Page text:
Enjoying ad-free content?
Since July 1, 2024, we have disabled all ads to improve your reading experience.
This commitment costs us $10,000 a month. Your support can help us fill the gap.
Support us
Our journalism is banned in Russia. We need your help to keep providing you with the truth.

North Korea Declares 2015 Year of Friendship With Russia

North Korean leader Kim Jong Un smiles as he plants trees with fighter pilots from Unit 447 of the Korean People's Army in Pyongyang.

North Korea has declared 2015 a "year of friendship" with Russia amid efforts to boost ties and cultural exchange as the countries mark the 70th anniversary of the end of World War II, North Korea's official news agency was quoted as saying Wednesday.

The endeavor will focus on developing diplomatic, business and cultural contacts and include joint cultural events in Moscow, Pyongyang and other cities, South Korean English-language newspaper The Korea Herald cited the North's Korean Central News Agency as saying in a dispatch.

North Korean leader Kim Jong Un is already set to visit Moscow in May for Victory Day celebrations.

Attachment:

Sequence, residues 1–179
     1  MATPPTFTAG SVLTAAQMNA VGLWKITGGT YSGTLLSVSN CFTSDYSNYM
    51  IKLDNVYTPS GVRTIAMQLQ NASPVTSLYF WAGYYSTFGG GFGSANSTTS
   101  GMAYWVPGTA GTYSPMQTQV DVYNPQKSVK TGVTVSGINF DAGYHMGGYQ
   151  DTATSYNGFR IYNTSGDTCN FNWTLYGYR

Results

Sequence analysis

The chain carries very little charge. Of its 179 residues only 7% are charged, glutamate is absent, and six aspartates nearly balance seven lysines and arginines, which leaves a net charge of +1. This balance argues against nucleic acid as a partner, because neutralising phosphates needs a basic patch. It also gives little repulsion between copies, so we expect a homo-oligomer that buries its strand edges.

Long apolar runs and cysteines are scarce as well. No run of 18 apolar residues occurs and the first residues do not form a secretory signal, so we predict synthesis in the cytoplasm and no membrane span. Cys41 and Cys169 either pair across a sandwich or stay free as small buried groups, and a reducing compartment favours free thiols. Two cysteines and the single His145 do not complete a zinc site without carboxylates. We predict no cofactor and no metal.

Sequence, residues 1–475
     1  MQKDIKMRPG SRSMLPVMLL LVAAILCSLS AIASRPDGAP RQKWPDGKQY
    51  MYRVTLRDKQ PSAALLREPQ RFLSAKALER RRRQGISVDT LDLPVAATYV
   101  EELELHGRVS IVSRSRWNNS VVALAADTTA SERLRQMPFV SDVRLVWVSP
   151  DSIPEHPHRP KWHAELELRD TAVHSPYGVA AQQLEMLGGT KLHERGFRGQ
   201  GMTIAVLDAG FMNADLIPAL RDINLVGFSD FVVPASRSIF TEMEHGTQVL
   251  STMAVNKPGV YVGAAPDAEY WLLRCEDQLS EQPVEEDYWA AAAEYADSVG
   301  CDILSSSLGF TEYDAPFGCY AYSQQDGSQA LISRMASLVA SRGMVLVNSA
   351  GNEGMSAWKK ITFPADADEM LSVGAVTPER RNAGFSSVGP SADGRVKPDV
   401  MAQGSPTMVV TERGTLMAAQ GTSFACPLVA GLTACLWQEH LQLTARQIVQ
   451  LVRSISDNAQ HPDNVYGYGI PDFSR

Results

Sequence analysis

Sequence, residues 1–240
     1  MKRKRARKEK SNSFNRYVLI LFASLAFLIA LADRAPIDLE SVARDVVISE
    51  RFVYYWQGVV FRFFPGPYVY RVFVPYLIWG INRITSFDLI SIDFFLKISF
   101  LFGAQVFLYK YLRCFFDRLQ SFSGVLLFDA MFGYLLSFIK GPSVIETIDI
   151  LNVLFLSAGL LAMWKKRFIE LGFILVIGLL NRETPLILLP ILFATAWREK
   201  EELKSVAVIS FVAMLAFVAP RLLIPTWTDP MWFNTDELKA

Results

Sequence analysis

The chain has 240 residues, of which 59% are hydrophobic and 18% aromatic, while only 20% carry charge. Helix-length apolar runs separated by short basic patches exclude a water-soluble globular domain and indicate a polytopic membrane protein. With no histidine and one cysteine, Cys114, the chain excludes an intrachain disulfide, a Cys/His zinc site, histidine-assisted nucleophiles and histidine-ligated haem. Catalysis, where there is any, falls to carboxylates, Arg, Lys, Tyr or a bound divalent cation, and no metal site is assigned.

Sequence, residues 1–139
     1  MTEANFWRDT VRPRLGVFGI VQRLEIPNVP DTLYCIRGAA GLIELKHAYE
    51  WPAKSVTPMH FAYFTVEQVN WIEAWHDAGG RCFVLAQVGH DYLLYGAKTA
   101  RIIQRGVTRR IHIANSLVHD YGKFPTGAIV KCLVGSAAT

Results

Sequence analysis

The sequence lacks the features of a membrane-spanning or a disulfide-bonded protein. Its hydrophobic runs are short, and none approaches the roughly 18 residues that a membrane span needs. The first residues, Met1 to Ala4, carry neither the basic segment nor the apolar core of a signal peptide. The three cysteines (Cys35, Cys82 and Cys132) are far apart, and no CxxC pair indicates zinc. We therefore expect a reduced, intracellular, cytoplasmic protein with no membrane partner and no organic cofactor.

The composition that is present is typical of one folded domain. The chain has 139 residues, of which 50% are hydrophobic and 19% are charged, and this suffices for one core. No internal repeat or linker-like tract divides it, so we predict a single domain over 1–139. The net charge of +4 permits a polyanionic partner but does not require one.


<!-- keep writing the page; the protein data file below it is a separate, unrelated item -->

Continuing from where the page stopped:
The shoring-up of Moscow-Pyongyang ties is occurring against the backdrop of a waning in relations between North Korea and its longtime ally China, the newspaper reported.

Russia has also pivoted eastward amid a series of bids to boost diplomatic and business ties over the past year as the country's relations with the West have floundered over Moscow's perceived role in the Ukraine crisis.

The end of World War II is a great source of national pride for Russians because it marks the complete expulsion of Nazi occupiers. The event is revered with similar enthusiasm by Koreans as a liberation from decades of Japanese colonial rule.

… we have a small favor to ask. As you may have heard, The Moscow Times, an independent news source for over 30 years, has been unjustly branded as a "foreign agent" by the Russian government. This blatant attempt to silence our voice is a direct assault on the integrity of journalism and the values we hold dear.

We, the journalists of The Moscow Times, refuse to be silenced. Our commitment to providing accurate and unbiased reporting on Russia remains unshaken. But we need your help to continue our critical mission.

Your support, no matter how small, makes a world of difference. If you can, please support us monthly starting from just $2. It's quick to set up, and you can be confident that you're making a significant impact every month by supporting open, independent journalism. Thank you.

paiment methods
Not ready to support today?
Remind me later.

Read more